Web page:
Keokee man recaptured after escape
Ribbon cutting set for new Dairy Hart
Pennington Gap council calls meeting
Hawkins Solid Waste Committee meets
MEOC Transit to hold car wash fund-raiser
1 dead in small plane crash in NE Tenn.
Bredesen pushes cigarette tax hike
JONESVILLE - A Keokee man compounded his legal woes Friday when he briefly escaped custody while being booked on larceny charges, said Lee County Sheriff Gary Parsons. The sheriff said Jason Hale, 20, Route 1, Box 301, Keokee, was charged after he managed to obtain keys to the electronics department at Wal-Mart on March 18. On March 27 he returned to the store and stole two Playstation machines, Parsons said. The theft was recorded on surveillance equipment, and Hale was arrested on charges of petit larceny for the key theft and grand larceny for the electronics theft. Hale had already been booked on the larceny charges, the magistrate had denied him bond, and he was awaiting transfer to the regional jail at Duffield when he dashed out the back door of the jail, said the sheriff. Officers fanned out across town, and within an hour and a half Deputy Roger Gates was able to recapture Hale without incident in a subdivision behind Happy Mart. Additional charges of escape were placed against Hale, who is now in custody at the regional jail, still without bond, said Parsons.
CHURCH HILL - The paint is dry, the parking lot is striped, and the stove will be hot for this morning's grand opening of the new Dairy Hart restaurant on Main Boulevard in Church Hill. Monday evening the Church Hill Planning Commission approved the final site plan for the new Dairy Hart, and a ribbon cutting will be held this morning at 9 a.m., with the restaurant scheduled to begin serving at 10 a.m. The current location on Main Boulevard is directly across the street from the original Dairy Hart. J.C. and Ann Duncan purchased the restaurant in 1964, and in 1969 moved it to the intersection of 11-W and Silver Lake Road where it operated until this past July. Developers Bill Powers and Jeff Thacker recently completed construction of the restaurant building for new Dairy Hart proprietor Michelle Hensley.
PENNINGTON GAP - Pennington Gap Mayor Jimmy V. Smallwood has scheduled a special called meeting for 4 p.m. Wednesday to discuss police department matters. The meeting will be held in council chambers at the Municipal Building.
ROGERSVILLE - On Monday the Solid Waste Committee of the Hawkins County Commission held its first organizational meeting since the 2006 county election last August. The committee elected Phill Barrett as chairman, Charlie Newton as vice chairman and Tim Simpson as secretary. The committee also agreed to meet again later this month to discuss potential capital outlay projects it will request for the 2007-08 fiscal year budget.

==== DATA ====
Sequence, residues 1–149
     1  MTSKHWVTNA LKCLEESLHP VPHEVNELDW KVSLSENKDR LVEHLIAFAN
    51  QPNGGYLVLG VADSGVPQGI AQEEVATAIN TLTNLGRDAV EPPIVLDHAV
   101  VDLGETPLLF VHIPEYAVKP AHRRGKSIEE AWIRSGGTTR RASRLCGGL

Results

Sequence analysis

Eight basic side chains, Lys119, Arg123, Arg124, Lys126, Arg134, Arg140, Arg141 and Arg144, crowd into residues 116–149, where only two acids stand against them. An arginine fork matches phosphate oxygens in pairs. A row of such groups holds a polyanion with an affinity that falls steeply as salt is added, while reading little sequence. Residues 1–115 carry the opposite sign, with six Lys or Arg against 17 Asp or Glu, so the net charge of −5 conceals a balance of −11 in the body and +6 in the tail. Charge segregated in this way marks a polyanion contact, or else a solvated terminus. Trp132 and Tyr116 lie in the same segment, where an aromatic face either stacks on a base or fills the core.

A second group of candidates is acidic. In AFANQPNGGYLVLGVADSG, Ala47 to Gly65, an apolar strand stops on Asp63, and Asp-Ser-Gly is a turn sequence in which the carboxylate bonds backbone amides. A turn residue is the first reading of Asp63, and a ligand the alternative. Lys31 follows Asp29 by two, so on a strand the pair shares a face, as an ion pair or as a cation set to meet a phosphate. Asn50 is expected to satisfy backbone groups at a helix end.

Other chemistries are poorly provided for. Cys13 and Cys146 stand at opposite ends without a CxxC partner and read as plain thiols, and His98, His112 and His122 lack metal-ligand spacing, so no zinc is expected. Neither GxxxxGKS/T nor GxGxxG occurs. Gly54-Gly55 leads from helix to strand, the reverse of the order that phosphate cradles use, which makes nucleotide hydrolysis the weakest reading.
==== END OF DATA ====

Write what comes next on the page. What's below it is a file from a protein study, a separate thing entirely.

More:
BIG STONE GAP - Mountain Empire Older Citizens Transit will host a fund-raising car wash from 10 a.m. until 2 p.m. on April 28 at its transit center in Big Stone Gap. Cost is $5 per vehicle, and all proceeds will be used to benefit the MEOC Emergency Fuel Fund for the Elderly.
TAZEWELL, Tenn. - An Ohio restaurateur was killed Monday when the small plane he was flying crashed in Northeast Tennessee, authorities said. Larry Sanders, 58, was flying his Piper PA-28 from his hometown of Wapakoneta, Ohio, to meet his wife in Pigeon Forge, The Knoxville News Sentinel reported. Pigeon Forge is about 45 miles south of the crash site. Dispatchers received calls shortly before 9 a.m. from residents who said the small plane's engine was struggling before it went down in a wooded area, Claiborne County Sheriff's Deputy Bill Davidson said. A cause for the crash is being investigated.
NASHVILLE - The state will expect more rigorous K-12 standards from school superintendents if a plan to boost education funding through a hike in the state's cigarette tax succeeds, Gov. Phil Bredesen said Monday. Bredesen, a Democrat, wants to raise the cigarette tax from 20 cents to 60 cents per pack and use the bulk of the projected $219 million in new revenue on education programs. The governor encouraged members of the Tennessee Organization of School Superintendents to support his plan by calling their legislators on both sides of the aisle. Bredesen said the new education money would be crucial to unlocking resources needed to improve standards at public schools.
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